Latest Posts

Barney Frank
  • Mitch McConnell Claims Weed Is Deadly (And the Obama Administration Agrees)

    The world's most powerful turtle, Senator Mitch McConnell recently stuck his neck out to explain to a constituent why he was opposed to legislation, sponsored by Ron Paul and Barney Frank, which would legalize marijuana at the federal level. McConnell's reasoning? Weed Kills

    "Because of the harm that substances like marijuana and other narcotics pose to our society, I have concerns about this legislation. The detrimental effects of drugs have been well documented: short-term memory loss, loss of core motor functions, heightened risk of lung disease, and even death," McConnell wrote.

    Everything about that statement seems accurate except for one common misspelling. I think the harmful substance McConnell described is spelled B-O-U-R-B-O-N and T-O-B-A-C-C-O, which Kentucky produces in abundance. The CDC reported 24,518 alcohol-induced deaths for the last year data was available. Cannabis-induced death doesn't exist as a statistical category, though in fairness to prohibitionists, Funyun-induced death is very much an issue considering our nation's obesity problem.

    Nevertheless, many officials agree with McConnell. The Obama administration has been aggressive in shutting down medical marijuana operations, drug arrests during Obama's first year in office were higher than they were in George Bush's first year, and federal funding for the War on Drugs has risen.

    Maybe the President, who like the two presidents before him has had experience with recreational drugs, believes that the state has to forcibly intervene lest young people be led down the same path he's traveled. If only Barack Obama's youth included an arrest record instead of benign neglect, he wouldn't have to deal with people like Mitch McConnell today. He's just protecting Americans from the outrageous stress that an arrest-free youth can bring in successful adulthood.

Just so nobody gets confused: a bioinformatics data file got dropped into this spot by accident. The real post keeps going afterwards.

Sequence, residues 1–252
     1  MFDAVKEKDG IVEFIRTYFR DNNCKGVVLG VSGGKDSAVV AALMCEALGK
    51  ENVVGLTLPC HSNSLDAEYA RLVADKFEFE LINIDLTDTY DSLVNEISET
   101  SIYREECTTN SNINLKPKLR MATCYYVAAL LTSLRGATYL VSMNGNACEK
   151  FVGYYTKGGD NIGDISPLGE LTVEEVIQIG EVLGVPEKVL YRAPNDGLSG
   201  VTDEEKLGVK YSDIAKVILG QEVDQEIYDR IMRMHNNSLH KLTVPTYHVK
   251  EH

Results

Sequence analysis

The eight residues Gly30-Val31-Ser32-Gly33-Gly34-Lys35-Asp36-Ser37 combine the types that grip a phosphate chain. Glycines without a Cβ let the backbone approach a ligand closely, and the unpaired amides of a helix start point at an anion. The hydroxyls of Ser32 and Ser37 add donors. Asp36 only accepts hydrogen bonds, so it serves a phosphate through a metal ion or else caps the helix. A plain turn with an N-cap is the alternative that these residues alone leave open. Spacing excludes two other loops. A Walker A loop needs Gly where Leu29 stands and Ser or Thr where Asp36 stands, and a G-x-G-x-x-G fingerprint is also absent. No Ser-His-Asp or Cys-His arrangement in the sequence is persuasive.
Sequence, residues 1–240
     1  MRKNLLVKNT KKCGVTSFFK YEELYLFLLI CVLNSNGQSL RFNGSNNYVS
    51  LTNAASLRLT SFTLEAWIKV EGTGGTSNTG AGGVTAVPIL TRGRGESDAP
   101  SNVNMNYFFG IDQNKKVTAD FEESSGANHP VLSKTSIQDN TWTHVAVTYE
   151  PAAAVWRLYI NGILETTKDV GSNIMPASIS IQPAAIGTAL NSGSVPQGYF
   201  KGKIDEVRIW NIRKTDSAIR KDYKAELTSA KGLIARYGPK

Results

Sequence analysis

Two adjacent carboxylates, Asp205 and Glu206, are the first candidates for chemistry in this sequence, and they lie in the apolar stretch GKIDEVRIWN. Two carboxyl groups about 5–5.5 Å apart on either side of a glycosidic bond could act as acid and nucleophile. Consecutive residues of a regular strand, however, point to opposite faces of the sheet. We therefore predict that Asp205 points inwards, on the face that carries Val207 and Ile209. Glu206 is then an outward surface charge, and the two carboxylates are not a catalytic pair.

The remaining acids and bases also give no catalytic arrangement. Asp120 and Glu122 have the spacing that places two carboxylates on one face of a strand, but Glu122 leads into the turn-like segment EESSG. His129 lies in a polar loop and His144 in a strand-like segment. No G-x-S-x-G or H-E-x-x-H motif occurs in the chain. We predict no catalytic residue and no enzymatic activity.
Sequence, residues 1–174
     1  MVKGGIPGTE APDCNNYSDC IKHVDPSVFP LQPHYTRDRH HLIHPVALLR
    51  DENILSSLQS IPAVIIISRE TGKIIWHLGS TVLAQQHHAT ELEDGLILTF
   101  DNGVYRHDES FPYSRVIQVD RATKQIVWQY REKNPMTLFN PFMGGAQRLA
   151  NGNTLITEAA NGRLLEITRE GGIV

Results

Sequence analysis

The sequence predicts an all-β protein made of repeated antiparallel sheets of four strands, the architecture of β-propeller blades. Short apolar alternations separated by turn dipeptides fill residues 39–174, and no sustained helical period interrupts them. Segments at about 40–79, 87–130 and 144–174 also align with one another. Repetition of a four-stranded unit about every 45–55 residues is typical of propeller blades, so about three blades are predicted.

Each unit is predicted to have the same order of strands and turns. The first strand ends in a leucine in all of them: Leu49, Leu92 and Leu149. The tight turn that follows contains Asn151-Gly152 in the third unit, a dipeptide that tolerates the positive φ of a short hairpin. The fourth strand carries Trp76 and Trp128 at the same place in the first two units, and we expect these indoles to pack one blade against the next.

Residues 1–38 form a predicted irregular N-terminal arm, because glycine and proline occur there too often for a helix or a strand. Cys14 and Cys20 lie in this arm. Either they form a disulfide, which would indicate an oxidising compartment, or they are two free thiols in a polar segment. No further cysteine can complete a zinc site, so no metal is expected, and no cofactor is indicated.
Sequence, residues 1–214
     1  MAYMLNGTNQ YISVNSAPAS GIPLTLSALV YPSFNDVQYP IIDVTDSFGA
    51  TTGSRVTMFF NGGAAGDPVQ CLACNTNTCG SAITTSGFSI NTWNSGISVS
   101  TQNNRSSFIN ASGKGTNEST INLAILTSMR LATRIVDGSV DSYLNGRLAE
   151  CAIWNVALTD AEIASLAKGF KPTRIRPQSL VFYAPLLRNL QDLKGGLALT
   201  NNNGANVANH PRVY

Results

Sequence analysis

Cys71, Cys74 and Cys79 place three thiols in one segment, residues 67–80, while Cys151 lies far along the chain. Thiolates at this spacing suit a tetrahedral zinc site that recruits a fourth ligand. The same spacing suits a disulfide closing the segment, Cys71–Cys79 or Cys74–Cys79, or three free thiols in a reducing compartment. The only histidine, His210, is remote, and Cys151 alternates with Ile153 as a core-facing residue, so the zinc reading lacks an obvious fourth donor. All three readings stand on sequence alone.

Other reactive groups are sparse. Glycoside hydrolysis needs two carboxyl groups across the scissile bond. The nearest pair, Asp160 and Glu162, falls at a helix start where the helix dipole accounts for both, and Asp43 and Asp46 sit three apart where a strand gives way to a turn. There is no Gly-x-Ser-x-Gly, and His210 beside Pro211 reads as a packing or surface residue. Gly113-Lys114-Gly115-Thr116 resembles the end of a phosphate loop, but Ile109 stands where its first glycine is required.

It's compelling logic, especially if you don't wait around for legalization while trying to follow it.


    Related: Pat Robertson, Pothead

    Photo by Mark Wilson/Getty Images News/Getty Images

    Tags: Barack Obama, Barney Frank, Drugs, Marijuana, Mitch McConnell, Ron Paul
  • Joseph Kennedy III Rides In to Carry Us Back to Camelot

    When U.S. Rep. Patrick Kennedy retired last year, it marked the first time in 63 years that a Kennedy did not serve in Washington D.C. Since then, their kingdom has really gone to hell in a hand basket. Just ask Republicans, who are being ruled by a ruthless outsider from across the sea (Hawaii). If you don't believe them, ask the Democrats, who are at the tyranny of an equally ruthless outsider from Loompaland.

    If this were a fairy tale, now would be the time a young prince on a white horse rides in to save us all.

    And so there is. Enter Joe Kennedy III, now officially running for Congress in the newly redrawn 4th Congressional District of Brookline, the one recently vacated by Barney Frank.

    But what claim to the seat does this young upstart have? What is his pedigree? Kennedy the Red (as I shall henceforth call him) is the son of former U.S. Rep. Joseph Kennedy II, son of the late Robert F. Kennedy, brother of President John F. Kennedy (who was himself born in Brookline), son of Joseph P. Kennedy, Sr. (of  the Massachusetts Kennedys).

    Impressive, sure, but this country was founded to escape the whims of lords and royalty. The people elect their leaders based on merit, not name.

    Which must be why 31-year-old J.K. the Red is already said to have a 2-1 shot to win the election. Beware Congress, and behold your new king…

    Photo by Kayana Szymczak/Getty Images News/Getty Images

    Tags: Barack Obama, Barney Frank, House of Representatives, Joe Kennedy III, John Boehner, Massachusetts, Washing
  • Tweet Untweet: Barney Bubble

    There was a problem connecting to Twitter.
    Tags: Barney Frank, Tweet Untweet, Twitter
  • Quote Unquote: The New(t) Goldwater

    Soon-to-be-retiring Rep. Barney Frank on the ascendent presidential campaign of his old House nemesis Newt Gingrich

    "I did not think I lived a good enough life to see Newt Gingrich as the Republican nominee… He would be the best thing to happen to Democrats since Barry Goldwater… It's still unlikely, but I have hopes."

    This might make for a funny sound bite, but it's worth noting that "the best thing to happen to Democrats since Barry Goldwater" might not be all that effective against "the best thing to happen to Republicans since Jimmy Carter."

    Tags: Barney Frank, Barry Goldwater, Newt Gingrich, Primaries, Quote Unquote, Republicans